An Attempt at Exhausting a Place in Paris by Georges Perec (1975)
On Saturday at the neighborhood bookshop my eyes caught a slim volume in a white and grey cover. A year before I was born, George Perec set out on the quest of the “infraordinary”: the everyday, or as he puts it, “what happens when nothing happens”. For three days, in a square in Paris, he sat behind Cafe windows making a note of “that which is not noticed, that which has no importance”. He progressed from strictly visible things, to conventional symbols, to slogans, to objects, to the color of things, to buses going back and forth, to gestures and conversations between people, to dogs running, and pigeons flying all at once across the square, to people carrying things, to the Japanese tourists in buses, and the apple green Citroen van.
However, even though he is sitting in one place, every coming and going of people or buses and cars, even within the field of his vision, which in itself is limited, is marking the passage of time. Every event, or rather nonevent is altering that which is being observed. From merely observing things before his eyes Perec moves on to noting the differences: what has changed from one day to the next? Though seemingly nothing has changed, in essence life has moved on.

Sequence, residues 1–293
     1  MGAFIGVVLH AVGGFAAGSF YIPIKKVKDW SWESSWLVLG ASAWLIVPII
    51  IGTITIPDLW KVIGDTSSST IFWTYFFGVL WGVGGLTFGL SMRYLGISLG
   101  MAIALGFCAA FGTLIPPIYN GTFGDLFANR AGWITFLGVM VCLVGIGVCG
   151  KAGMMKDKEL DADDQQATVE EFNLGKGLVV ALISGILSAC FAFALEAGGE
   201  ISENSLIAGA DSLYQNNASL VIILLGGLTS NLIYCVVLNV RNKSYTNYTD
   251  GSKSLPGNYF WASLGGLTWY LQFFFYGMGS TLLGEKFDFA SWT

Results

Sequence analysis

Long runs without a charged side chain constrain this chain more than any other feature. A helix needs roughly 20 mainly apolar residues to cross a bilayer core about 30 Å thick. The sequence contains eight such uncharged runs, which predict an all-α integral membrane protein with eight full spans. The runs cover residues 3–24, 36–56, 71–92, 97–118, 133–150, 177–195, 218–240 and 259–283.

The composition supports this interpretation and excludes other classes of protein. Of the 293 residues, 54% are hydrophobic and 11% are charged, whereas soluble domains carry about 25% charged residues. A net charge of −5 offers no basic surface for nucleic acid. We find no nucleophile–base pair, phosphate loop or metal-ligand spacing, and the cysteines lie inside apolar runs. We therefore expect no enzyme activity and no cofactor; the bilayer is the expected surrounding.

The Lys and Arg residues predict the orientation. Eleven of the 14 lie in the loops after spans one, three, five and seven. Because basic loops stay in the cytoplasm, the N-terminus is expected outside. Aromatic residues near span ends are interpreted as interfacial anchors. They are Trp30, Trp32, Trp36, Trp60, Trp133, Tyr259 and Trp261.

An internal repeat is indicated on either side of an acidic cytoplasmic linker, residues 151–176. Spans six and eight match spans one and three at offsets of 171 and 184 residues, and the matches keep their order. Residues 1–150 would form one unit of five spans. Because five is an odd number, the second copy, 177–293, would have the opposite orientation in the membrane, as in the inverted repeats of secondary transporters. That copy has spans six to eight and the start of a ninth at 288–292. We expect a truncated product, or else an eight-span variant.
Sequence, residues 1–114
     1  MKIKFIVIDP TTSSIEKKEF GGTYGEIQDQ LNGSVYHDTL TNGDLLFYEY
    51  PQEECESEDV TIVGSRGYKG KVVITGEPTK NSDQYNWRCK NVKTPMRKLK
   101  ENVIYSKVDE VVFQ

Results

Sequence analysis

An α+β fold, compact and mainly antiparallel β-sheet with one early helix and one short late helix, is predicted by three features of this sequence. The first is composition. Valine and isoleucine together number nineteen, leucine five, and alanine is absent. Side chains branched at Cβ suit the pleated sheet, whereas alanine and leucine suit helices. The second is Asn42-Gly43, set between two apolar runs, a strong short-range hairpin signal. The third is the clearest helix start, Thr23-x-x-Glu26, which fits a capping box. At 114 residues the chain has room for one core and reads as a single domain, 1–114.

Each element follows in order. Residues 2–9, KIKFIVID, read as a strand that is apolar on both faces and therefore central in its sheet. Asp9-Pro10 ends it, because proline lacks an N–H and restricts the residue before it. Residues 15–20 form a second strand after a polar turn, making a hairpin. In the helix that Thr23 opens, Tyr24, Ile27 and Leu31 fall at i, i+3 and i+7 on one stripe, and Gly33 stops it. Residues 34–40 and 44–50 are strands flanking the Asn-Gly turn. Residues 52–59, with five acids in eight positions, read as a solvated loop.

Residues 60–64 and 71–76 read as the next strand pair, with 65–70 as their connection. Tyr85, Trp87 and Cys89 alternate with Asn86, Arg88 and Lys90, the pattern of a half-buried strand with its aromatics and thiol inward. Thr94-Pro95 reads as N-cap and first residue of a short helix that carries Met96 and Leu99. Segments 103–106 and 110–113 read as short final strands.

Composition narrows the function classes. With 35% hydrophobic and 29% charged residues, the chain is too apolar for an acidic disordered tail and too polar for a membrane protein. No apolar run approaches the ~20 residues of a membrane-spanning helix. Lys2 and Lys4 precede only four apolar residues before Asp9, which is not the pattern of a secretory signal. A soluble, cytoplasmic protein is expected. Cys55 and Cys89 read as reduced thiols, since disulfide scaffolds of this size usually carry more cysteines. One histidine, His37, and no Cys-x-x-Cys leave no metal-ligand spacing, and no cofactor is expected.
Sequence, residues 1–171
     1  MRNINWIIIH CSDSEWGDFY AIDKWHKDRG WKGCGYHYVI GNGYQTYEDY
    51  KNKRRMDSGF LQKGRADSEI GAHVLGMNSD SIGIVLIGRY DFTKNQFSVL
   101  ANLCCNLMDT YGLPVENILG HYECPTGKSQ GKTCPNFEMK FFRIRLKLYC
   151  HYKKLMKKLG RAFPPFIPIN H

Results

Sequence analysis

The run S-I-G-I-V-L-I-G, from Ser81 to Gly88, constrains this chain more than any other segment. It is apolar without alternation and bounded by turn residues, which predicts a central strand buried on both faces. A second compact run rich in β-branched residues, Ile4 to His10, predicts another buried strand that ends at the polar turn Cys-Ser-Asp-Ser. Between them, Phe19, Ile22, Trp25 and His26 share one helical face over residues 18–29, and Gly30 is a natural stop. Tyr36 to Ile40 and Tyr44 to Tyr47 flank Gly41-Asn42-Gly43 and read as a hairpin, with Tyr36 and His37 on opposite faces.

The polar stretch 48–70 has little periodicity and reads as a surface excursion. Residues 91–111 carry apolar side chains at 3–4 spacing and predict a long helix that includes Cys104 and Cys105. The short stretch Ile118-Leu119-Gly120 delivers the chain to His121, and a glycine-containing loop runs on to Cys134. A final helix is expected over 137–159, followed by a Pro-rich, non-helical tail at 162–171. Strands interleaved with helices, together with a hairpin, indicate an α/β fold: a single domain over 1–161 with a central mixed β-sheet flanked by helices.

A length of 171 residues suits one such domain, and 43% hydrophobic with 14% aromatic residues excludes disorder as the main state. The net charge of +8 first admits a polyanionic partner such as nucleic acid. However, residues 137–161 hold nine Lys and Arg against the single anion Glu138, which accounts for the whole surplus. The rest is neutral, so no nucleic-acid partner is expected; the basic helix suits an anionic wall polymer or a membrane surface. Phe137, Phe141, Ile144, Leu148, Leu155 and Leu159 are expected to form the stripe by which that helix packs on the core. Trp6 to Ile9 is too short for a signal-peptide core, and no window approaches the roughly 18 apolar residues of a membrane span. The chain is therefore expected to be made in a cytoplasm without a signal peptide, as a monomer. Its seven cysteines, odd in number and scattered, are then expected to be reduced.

This unimportant, humdrum nothing that we barely record is what fills up our days and years. However, when we start focusing attention on these nonevents they become unreal, almost surreal, and even poetic. Here’s a random sample:
A bird settles atop a lamppost
It is noon Gust of wind A 63 goes by A 96 goes by An apple-green 2CV goes by
The rain gets fierce. A lady makes a hat with a plastic bag marked “Nicolas” Umbrellas sweep into the church
Moments of emptiness
Passage of a 63 bus
The resulting effects of attempting to exhaust, or observe in totality a place, can range from mere unease at the near impossibility of the task being undertaken to an overdose of reality, which in turn may alter our understanding of the nature of reality itself. Leaving us with a sense of melancholy that comes with the acceptance of the fact that what we consider to be extraordinary is merely a collection of ordinary acts. And that something will always remain indescribable no matter how detailed our observations. Even when we think nothing is happening time is taking away second after second from our lives.
Afterthoughts on books: part 15